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A plan for fallow land along Interstate 581 will ensure neighbors can live with its development.
Wednesday, April 17, 2013
There will always be those who would wish for land along Interstate 581 near Valley View Boulevard to stay exactly as is: 130 acres of fields and wetlands, an oasis of nature cut off from the prime shopping and hotel mecca of western Virginia.
The moment VDOT completes the I-581 interchange, though, the undeveloped privately owned acreage will no longer be severed from the concrete acres of commerce. But it won’t become Valley View: The Sequel.
A land use plan adopted Monday by Roanoke City Council seeks to control the growth for what is now known as Evans Spring so that eventually the area grows into a mix of residential and commercial buildings compatible with green spaces and wetlands. The plan provides for an extension of the Lick Run Greenway and calls for restoring Fairview Lake.
Without guidance, growth would still come, but it might not be compatible with what city leaders seek to encourage or what nearby residents consider neighborly.
With the plan, each project will be scrutinized during rezoning hearings to determine if it is in keeping with the expressed vision adopted by council. The land use plan offers assurance both to neighbors that their desires will be honored, and to landowners and developers that they will gain clearance as long as their proposals are in keeping with the plan.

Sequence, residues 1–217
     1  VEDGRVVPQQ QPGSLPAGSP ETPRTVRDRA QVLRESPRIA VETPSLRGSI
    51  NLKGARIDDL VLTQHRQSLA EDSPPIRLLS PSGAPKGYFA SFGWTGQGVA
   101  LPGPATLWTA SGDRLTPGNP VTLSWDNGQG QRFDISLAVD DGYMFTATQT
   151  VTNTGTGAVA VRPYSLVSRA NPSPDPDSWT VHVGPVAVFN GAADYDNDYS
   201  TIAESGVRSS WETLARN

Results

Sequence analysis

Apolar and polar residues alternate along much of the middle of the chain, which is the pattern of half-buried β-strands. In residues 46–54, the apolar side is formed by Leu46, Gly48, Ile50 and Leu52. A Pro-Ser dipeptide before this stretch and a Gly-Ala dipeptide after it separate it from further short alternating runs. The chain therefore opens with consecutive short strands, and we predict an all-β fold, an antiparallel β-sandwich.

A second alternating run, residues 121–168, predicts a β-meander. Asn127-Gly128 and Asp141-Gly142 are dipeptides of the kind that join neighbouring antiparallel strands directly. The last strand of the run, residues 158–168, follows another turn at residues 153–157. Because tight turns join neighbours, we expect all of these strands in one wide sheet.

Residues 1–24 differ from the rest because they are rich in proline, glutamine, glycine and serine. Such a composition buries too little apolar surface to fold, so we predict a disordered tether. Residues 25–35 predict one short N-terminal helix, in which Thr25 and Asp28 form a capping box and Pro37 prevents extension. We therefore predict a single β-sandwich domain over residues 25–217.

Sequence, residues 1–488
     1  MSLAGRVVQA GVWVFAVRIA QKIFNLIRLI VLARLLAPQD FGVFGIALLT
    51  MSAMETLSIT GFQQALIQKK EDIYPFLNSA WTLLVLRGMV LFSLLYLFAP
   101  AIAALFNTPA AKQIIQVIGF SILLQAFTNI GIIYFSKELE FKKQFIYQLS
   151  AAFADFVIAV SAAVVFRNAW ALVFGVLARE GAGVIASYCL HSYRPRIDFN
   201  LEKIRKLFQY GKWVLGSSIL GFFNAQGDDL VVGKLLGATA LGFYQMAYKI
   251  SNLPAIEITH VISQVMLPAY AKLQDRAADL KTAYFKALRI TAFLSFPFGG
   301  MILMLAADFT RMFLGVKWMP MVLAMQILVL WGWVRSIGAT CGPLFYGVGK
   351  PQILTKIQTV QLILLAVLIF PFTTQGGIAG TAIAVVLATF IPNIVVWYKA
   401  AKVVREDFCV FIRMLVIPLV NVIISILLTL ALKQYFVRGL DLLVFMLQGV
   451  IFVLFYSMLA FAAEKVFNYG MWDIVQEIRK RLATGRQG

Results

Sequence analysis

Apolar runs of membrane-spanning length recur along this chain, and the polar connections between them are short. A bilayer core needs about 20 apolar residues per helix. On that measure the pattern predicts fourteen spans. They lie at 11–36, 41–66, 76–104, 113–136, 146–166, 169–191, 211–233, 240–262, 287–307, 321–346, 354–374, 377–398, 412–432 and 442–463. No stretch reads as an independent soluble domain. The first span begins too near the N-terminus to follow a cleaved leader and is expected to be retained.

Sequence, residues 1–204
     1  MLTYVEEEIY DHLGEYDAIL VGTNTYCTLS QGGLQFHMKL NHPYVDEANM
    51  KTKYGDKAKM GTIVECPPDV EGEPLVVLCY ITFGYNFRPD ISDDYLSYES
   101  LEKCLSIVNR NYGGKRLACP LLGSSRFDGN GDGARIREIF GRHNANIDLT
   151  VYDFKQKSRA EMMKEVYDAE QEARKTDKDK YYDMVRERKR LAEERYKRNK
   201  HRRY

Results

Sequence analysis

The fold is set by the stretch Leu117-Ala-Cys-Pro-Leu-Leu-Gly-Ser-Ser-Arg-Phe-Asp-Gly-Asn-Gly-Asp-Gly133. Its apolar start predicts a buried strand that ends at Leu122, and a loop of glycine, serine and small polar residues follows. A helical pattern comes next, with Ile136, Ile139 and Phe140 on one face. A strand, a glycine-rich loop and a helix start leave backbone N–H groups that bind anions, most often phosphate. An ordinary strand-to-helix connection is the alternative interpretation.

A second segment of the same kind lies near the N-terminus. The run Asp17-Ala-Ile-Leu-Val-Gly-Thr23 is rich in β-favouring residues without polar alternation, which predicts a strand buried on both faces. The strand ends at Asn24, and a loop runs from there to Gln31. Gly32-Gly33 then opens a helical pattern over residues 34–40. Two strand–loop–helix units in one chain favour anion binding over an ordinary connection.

Given the keen and robust interest by members of the Fairland Civic Organization, the Melrose-Rugby Neighborhood Forum and the Washington Park Alliance for Neighborhoods, developers would be wise to build relationships with these groups early on.
Much trepidation accompanied this land use plan by those who initially misunderstood, thinking it better to do nothing so that nothing would occur. Though the plan is now complete, neighbors are still anxious that development will be an unwelcome intrusion; they won’t be rolling out the welcome mat to developers. They will, though, make sure the plan is followed so that they can live beside the development the interchange brings.
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